S.K.; I think what happens with independent labels is either one of two things; they eventually realise that it isn't worth it and go out of business or they get swallowed up by big corporations where they discover one big band and they have a brief honeymoon period with the big label and then eventually they just get swallowed up and find that they're not doing what they wanted to do and that the labels are foisting acts on them and telling them to drop all their old catalogue and...they find themselves no longer independent. So that's what happens; they start off with all the best intentions and then that happens.
I guess you don't intend that to happen to Karmic Hit.
S.K.; Sure, if some silly company wants to come and swallow me up then I'll be swallowed up and then I'll be regurgitated and start another one.
What expectations have you got for the Jack Frost album?
S.K.; None, you know, just put it out and see what happens...I've got no expectations at all.
What have you learned from Grant in this project?
S.K.; I think this was the first record we started with the idea of going back to recording drums and guitar and everything live and getting a liveish feel and I think that was the main thing, that that's now a good approach for me that works, instead of doing things with sequencers and loops and stuff, to go back to recording drums and amps and all that kind of thing.
Which is a bit of a different approach from the first Jack Frost album, which was a bit of a technology album.
S.K.; Yeah...there were no real drums and it was written in kind of a bit by bit manner, whereas this is more of a rock 'n' roll album.
So these projects, such as Jack Frost and Fake, do you see them as side projects from The Church, or do you see them as all of equal importance these days?
S.K.; Well, the Church makes more money than the others, so in that sense I guess its more important in that way, but I put just as much musically into anything, I don't just work at half speed if I'm doing Jack Frost. I think Jack Frost is probably a better record than the new Church record, I really do, its more of a consistent album, but the Church will sell a lot more and be more acclamied and stuff because its the Church and there's that trademark...it's a good record, I don't think its a bad record, I just think Jack Frost as an album sits together more...if you had thirty dollars that would be the one I'd recommend you buy, I think the Church its...its a very strange record, its a weird record, its got lots of very long, strange tracks on it and, its probably a more interesting record than Jack Frost but as a consistent rock 'n' roll album, I think Jack Frost is that.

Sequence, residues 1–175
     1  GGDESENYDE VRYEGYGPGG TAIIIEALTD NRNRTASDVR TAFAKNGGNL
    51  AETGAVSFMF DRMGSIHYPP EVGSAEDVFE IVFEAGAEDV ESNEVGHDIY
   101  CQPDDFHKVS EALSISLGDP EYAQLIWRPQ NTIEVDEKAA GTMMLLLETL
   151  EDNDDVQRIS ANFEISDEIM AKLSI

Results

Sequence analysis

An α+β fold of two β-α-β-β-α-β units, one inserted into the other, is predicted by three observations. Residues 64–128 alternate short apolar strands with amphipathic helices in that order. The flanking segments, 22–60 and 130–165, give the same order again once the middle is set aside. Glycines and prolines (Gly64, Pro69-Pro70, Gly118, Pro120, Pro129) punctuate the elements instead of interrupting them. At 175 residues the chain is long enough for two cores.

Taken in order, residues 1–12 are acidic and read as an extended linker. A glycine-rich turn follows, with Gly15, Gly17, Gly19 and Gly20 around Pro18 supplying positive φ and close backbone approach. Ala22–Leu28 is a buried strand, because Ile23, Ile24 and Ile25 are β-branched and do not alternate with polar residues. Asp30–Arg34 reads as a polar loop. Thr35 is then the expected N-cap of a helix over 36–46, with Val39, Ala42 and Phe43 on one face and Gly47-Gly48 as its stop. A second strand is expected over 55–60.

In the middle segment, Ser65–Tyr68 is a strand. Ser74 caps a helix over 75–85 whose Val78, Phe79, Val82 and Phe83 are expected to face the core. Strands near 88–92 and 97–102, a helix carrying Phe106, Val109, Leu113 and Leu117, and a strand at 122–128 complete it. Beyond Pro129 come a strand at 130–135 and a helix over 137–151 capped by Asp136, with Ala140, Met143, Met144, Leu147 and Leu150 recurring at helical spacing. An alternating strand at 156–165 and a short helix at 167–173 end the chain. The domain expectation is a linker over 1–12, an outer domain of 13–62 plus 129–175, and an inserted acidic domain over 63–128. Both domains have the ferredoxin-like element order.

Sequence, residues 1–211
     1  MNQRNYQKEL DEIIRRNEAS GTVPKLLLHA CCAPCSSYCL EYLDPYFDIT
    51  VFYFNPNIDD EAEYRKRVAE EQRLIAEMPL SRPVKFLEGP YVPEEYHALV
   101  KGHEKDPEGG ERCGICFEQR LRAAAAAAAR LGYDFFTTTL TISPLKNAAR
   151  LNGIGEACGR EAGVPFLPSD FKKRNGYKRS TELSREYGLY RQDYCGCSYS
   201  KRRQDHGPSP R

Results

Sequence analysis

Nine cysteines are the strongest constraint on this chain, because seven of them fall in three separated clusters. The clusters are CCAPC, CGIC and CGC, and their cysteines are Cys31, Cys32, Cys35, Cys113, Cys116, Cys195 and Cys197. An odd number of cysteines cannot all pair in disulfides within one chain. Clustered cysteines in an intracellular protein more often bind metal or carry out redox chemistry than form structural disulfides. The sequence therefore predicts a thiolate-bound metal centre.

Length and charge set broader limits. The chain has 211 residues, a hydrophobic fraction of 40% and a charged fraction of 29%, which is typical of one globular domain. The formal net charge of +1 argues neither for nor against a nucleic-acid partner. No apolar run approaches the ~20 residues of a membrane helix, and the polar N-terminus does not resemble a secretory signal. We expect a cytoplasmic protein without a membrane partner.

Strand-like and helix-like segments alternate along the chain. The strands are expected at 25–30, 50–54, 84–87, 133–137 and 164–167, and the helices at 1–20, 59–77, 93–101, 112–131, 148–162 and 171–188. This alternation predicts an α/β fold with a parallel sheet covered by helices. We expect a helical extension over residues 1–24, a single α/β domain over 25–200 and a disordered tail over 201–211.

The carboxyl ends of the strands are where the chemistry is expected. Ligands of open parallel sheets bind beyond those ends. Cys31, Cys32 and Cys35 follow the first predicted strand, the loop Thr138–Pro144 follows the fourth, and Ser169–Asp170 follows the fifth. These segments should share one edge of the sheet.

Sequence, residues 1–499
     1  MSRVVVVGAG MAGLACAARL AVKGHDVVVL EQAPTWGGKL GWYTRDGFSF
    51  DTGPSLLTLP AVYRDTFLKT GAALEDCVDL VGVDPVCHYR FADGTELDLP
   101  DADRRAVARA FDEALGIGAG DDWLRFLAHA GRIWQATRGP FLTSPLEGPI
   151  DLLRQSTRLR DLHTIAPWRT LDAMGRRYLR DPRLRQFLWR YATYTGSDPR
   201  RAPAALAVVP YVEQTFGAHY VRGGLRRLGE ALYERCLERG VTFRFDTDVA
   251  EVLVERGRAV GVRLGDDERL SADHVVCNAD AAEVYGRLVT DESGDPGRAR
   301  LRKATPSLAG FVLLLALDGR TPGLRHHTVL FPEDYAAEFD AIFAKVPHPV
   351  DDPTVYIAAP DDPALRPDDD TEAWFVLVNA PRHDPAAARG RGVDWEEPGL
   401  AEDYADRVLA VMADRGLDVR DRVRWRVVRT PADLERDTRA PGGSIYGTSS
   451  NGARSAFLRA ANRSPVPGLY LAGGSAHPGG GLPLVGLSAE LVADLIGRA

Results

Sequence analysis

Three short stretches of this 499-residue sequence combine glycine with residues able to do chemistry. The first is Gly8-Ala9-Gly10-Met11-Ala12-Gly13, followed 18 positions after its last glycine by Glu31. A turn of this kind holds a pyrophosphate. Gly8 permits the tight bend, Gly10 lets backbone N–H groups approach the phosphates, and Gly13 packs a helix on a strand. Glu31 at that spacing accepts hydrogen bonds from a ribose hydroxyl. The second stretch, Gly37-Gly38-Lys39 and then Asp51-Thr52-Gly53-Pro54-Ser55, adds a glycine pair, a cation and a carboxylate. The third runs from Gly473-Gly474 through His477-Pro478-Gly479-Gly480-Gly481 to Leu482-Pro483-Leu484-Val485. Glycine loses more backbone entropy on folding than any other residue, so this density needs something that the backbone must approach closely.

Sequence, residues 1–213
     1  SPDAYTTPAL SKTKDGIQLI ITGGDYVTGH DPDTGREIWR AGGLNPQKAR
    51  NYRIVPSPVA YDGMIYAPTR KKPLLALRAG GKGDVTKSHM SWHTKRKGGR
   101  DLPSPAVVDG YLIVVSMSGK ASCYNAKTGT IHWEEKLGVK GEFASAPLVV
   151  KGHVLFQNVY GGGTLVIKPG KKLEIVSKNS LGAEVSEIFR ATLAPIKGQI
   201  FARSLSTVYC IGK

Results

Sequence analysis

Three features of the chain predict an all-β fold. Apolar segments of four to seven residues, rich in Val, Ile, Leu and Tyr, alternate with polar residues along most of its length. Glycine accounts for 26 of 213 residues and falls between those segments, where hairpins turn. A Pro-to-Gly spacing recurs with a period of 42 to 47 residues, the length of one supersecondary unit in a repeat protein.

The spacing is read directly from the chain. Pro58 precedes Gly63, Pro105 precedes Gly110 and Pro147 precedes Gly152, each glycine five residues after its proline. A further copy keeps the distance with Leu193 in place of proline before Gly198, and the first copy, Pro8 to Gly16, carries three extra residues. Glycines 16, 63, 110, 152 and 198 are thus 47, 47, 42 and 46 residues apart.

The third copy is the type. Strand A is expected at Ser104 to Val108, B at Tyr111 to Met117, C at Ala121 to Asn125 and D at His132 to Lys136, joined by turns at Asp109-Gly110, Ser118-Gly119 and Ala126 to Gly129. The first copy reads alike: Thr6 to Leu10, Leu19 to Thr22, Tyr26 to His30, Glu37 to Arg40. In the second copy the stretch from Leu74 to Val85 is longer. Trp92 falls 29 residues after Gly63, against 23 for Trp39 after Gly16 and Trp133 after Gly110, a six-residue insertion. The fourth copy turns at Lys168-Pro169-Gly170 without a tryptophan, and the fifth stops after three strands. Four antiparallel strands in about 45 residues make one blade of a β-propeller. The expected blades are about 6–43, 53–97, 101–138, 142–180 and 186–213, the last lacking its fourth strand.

Does the new Church record have a title as yet?
S.K.; Yes, its called Magician Among The Spirits.
What expectations would you have for a Church record these days, do you still aim to have a big hit like "Starfish" or "Under The Milky Way" when you record a Church album?
S.K.; Well, we never aimed for that to be a big hit; all we have ever done is go in and record a bunch of songs and put it out and its in the lap of the gods and it would be nice if it was a massive, monstrous megaseller, but if it isn't then, so be it.
You seem to have travelled a journey where you've gone from being regarded in some ways as being a retro, 60's jangly guitar band, whereas now with albums like "Priest=Aura" and "Sometime Anywhere" you're now into studio-based experimentation, how do you see yourself in that respect, do you see yourself as a forward looking band?
S.K.; Yeah, I think we are now, but I never know what we're going to do next because we're just disorganised; it's a healthy disorganisation because we don't know what we're going to do until we do it and we're sort of open...next album could be really retro or it could be really futuristic and nobody knows what its going to be until we start doing it. I think that's interesting; there is no real manifesto about what we're gonna do.
So the name 'The Church' you don't see as a label for a particular style of music?
S.K.; Its a label for a feeling, It's a label for an attitude, but what the music is that produces that feeling or that attitude is going to vary all the time.